|THIS WEEK IN HEALTHCARE
What happened in healthcare this week—and what we think about it.
Medicare gets tough with upside-only ACOs
This week, the Centers for Medicare & Medicaid Services (CMS) released a proposal to revamp the Medicare Shared Savings Program (MSSP), its six-year old program to encourage collaborative efforts among caregivers to generate savings for the Medicare program through the creation of accountable care organizations (ACOs). In a blog post on the Health Affairs website, CMS Administrator Seema Verma laid out the rationale for the new proposal, which is aimed at encouraging ACOs to shift into more aggressive, downside-risk contracts to care for Medicare beneficiaries. The new proposal, dubbed “Pathways to Success”, narrows the number of participation “tracks” to two, effectively eliminating the upside-only Track 1 option. Verma expressed frustration with the lack of savings from Track 1 ACOs, which account for over 80 percent of all MSSP organizations, echoing a growing concern among policy analysts that program participants—especially higher-cost hospital systems—were using the program as a pretext for physician consolidation without delivering reduced costs of care. “Medicare cannot afford to support programs with weak incentives that do not drive toward savings,” Verma wrote.
The new rule proposes creation of two ACO tracks, “BASIC” and “ENHANCED”, each with a five-year contract term, and both requiring participants to take on downside risk. BASIC track participants would be required to assume downside risk after the first two years of participation, while ENHANCED participants would take on downside risk immediately. The proposal further distinguishes between “high-revenue” ACOs, hospital-based organizations which typically have greater combined spend across Medicare Parts A and B, and “low-revenue” ACOs, most made up solely of physician practices. CMS proposes to force high-revenue ACOs into the ENHANCED track more quickly, thus discouraging them from “squatting” in upside-only arrangements—Verma’s principal frustration with the program’s current structure. After one stint in the BASIC track, new hospital-based participants would be required to move along into the more advanced version or exit the program entirely. Both tracks would qualify as “advanced alternative payment models”—a key milestone related to physician payment in Medicare’s Quality Payment Program (QPP)—as long as the participating organization is taking downside risk. Other proposed changes are intended to address long-standing criticisms of MSSP, including a shift toward regional benchmarks designed to more accurately capture geographic variability in cost of care, and a more flexible beneficiary attribution approach, intended to give participants better visibility into the patient population for which they will be held accountable.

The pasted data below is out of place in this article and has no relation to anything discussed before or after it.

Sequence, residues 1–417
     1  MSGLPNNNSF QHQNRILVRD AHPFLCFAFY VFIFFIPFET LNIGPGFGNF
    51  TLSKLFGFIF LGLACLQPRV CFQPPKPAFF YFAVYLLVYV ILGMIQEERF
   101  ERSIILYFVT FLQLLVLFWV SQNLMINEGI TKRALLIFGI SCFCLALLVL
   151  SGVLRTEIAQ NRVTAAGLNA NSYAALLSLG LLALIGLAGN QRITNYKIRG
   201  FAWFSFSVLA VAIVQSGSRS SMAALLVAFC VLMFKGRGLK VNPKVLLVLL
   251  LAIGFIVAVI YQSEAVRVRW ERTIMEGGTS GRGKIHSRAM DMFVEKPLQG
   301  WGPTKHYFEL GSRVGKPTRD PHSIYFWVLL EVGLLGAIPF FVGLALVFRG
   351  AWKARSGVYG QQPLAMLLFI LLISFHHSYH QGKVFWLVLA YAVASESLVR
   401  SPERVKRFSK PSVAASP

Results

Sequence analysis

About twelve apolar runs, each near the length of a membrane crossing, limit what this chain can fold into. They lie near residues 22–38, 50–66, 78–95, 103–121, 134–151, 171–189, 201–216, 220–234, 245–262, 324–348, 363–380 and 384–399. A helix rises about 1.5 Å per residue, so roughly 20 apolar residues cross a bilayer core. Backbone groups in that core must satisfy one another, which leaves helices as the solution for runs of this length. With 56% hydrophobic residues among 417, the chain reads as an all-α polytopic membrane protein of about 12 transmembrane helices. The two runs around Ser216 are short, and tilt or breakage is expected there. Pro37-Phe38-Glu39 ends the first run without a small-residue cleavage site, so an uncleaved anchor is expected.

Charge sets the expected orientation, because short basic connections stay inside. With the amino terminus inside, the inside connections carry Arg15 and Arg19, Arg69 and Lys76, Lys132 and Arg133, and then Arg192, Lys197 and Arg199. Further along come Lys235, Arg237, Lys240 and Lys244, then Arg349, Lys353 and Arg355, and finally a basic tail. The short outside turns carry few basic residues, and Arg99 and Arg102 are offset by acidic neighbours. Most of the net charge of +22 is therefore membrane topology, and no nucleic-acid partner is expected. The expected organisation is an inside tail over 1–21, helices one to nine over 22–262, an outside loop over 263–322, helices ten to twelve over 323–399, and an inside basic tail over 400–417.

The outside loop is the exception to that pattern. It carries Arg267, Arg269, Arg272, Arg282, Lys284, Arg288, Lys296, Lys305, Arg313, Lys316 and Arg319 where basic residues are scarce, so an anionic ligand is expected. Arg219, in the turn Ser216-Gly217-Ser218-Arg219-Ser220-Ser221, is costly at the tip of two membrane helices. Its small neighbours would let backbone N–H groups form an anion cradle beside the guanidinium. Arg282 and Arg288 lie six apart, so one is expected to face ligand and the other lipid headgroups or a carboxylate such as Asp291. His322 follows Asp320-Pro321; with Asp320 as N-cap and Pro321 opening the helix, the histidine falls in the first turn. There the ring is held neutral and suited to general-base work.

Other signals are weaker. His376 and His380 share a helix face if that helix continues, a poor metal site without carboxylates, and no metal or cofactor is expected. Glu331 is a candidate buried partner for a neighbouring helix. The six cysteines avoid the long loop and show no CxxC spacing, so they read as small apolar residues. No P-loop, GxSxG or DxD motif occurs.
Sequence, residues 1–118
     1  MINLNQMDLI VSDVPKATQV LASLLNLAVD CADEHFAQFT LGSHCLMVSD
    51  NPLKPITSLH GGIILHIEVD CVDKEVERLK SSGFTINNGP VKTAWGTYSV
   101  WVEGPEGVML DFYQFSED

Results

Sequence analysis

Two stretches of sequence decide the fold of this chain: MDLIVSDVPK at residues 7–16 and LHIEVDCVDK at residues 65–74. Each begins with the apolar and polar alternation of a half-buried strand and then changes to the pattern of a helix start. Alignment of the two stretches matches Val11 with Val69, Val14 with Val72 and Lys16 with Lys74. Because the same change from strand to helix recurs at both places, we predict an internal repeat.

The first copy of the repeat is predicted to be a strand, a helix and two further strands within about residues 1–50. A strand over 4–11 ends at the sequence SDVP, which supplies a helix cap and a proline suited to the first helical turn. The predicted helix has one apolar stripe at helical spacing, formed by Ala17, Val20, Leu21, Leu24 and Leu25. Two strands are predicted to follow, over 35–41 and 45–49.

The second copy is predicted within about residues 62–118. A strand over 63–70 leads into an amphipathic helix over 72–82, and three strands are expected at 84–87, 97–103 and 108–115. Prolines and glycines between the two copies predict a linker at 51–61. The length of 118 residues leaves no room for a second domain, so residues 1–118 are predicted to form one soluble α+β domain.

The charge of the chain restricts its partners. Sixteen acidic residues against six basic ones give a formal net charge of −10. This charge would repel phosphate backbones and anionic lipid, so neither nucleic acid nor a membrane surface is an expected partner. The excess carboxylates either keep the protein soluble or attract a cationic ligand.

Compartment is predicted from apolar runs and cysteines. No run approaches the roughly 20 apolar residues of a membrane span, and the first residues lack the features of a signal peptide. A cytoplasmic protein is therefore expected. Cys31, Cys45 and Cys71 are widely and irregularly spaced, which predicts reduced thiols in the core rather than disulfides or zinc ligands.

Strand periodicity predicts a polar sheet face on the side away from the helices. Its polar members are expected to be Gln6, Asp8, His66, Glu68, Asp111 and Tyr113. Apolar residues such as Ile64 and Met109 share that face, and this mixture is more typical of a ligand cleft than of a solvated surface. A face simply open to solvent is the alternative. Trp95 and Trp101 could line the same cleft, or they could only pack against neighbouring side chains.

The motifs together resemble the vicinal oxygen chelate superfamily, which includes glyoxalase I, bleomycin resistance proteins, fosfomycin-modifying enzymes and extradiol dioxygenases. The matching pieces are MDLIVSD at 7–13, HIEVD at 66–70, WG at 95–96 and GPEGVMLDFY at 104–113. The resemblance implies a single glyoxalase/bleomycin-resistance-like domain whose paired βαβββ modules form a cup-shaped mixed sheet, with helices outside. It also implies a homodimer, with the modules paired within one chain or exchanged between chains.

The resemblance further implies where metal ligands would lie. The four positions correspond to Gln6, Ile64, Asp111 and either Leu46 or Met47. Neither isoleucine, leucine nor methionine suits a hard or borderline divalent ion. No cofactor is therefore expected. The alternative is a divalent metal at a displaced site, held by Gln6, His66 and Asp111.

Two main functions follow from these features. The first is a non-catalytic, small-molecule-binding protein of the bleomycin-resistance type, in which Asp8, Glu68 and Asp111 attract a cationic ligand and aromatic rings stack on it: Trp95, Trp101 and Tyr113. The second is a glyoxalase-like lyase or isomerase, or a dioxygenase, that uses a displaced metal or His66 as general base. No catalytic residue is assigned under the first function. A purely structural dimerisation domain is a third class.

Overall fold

Hospital groups and the main lobbying organization for ACOs voiced their opposition to the more aggressive approach, citing the complexity of managing downside risk and warning that many program participants would simply drop out of the program altogether (CMS’s own prediction is that 107 of the program’s 649 ACOs would likely exit the program). As we work our way through the 607-page proposal, we’ll share our own detailed analysis on the Gist Blog, but we’re not surprised to see CMS taking a tougher line with the ACO program. Accountable care has largely been a disappointment thus far—an overly-complex payment reform that has lacked sufficient incentives to engender real change in care delivery. While the more robust versions of Medicare ACOs (such as the Next Generation ACO Model being tested by Medicare’s Innovation Center) have produced meaningful results, most MSSP participants have treated the ACO program as an interesting experiment that has provided a pretense for creating closer linkages with referring physicians and an opportunity to gain access to previously-unavailable data on patient utilization patterns. Meanwhile, the juice has not been worth the squeeze, with many organizations spending millions on legal and consulting fees to set up ACOs, and little Medicare savings to show for it. Even the revamped version is expected to yield only $2.2B in savings over the next decade, against a total Medicare spend of $9.6T over the same period. We continue to expect the ongoing shift to private, Medicare Advantage (MA) coverage to provide the bulk of the opportunity to reduce spending growth in the Medicare program, with the ACO program providing little more than a transition path to enable providers to shift into the MA business.
General Motors turns to Henry Ford for healthcare help